All we really knew for sure was, as we sat there looking out over the lights of the town where we had grown up together, it all felt right. It all felt… Perfect.
Now that it’s been 12 years since the tragic terrorist attacks in Manhattan, Washington, DC and western Pennsylvania I have realized that officially half of my life has been lived in a post-9/11 world. From this moment onward only a fraction of my life will have been lived when Osama bin Laden, terrorist, Threat Level Orange, airport security and so many different words were just that: words. Continue reading “9/11/2001: where I was”
Tonight we say goodbye to The Office. Throughout its nine seasons we’ve all laughed, cried, cringed and at some point near the latter half of the series said it’s not as good as it used to be. Still, since March 24, 2005 the show has captivated us all and produced some of the best comedic moments in the history of television. To celebrate those nine seasons before tonight’s finale I’ve picked nine things I love about the show. These aren’t the best moments or my absolute favorite. They are just the first nine things that popped into my head, and trust me it took a split second to think of nine.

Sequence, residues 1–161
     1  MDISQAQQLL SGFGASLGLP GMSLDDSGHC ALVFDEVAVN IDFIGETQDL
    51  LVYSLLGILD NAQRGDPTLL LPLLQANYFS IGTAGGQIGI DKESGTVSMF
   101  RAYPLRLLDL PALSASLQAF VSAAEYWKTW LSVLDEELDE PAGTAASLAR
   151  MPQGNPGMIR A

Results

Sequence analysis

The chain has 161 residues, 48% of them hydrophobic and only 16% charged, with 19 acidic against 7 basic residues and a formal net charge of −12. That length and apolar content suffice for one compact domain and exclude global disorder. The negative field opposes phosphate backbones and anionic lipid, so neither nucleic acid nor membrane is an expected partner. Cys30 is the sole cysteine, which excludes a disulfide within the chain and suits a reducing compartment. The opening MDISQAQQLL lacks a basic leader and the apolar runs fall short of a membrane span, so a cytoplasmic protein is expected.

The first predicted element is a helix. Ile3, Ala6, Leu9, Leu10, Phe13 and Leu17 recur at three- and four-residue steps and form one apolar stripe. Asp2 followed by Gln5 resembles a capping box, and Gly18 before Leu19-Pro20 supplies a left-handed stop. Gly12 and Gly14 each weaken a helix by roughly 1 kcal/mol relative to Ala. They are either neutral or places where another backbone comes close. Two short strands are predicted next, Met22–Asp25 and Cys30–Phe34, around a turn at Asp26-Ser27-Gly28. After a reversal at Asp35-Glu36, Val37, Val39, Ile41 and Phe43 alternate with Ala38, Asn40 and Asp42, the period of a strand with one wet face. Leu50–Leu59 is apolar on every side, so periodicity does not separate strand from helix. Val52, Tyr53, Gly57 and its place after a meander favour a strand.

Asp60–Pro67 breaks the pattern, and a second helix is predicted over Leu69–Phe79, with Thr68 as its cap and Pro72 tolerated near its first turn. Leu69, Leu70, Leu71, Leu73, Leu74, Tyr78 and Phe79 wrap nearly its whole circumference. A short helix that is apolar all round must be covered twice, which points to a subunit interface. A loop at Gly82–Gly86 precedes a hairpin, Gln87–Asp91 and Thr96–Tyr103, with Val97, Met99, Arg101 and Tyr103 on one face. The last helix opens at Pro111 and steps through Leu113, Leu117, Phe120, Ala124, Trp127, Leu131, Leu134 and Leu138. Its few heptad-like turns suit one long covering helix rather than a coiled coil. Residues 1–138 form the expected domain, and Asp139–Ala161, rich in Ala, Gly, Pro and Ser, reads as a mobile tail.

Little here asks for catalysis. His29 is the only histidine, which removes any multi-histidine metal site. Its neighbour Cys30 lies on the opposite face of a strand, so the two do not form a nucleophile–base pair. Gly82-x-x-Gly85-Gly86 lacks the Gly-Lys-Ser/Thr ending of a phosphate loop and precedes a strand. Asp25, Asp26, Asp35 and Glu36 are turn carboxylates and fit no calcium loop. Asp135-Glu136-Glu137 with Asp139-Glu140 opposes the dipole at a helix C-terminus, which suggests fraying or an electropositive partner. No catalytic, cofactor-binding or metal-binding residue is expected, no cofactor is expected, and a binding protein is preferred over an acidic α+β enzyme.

This quote by Michael Scott
I’ll always remember Michael’s sage advice.
“Did I stutter?!”
I’ve always loved Stanley. He’s most definitely my favorite minor character and I often repeat this classic Stanley line. Michael’s reaction is priceless.
Jim and Pam
Specifically all of their glances toward each other before they officially became a couple. Seriously, I think this relationship makes us all swoon.
I guess this is another Stanley moment. But this entire episode is a gem. Probably a favorite for life.
This cringe worthy kiss
Only on The Office is sexual harassment funny.
“That’s What She Said”
All of them. Seriously. Never gets old.
Dwight vs. Jim
I think I’ve blown up the pranks in my head to be a bigger deal than they actually are. A lot of them are so genius because they’re done in passing and not made too big of a deal. My favorite one is still probably the vending machine one.
Parkour and Planking
Two fads that the show tackled beautifully.
This song that made me cry like a baby
Hopefully tonight’s episode reminds us all why we fell in love with the Scranton crew.
One of my favorite photographs of all time is one of my Dad and me when I was in third grade. We had just moved to Arizona and somehow Dad had ended up being asked to coach for the baseball league I was in and we, by chance, became the Phillies. It was one of those leagues where they gave teams hats and matching colored t-shirts with sponsors on them. We were sponsored by Ernie’s Refrigeration.
My third grade Phillies were boss. No joke. Dad whipped us into shape. We had a 1-2 pitching punch, the fastest lead off who played center field and a series of players who worked hard and didn’t complain. I was probably the worst player, personality-wise that is, on the field Dad and I would argue about little things. “I don’t want to catch anymore, I want to play shortstop,” “I’m batting sixth?!” and other selfish acts.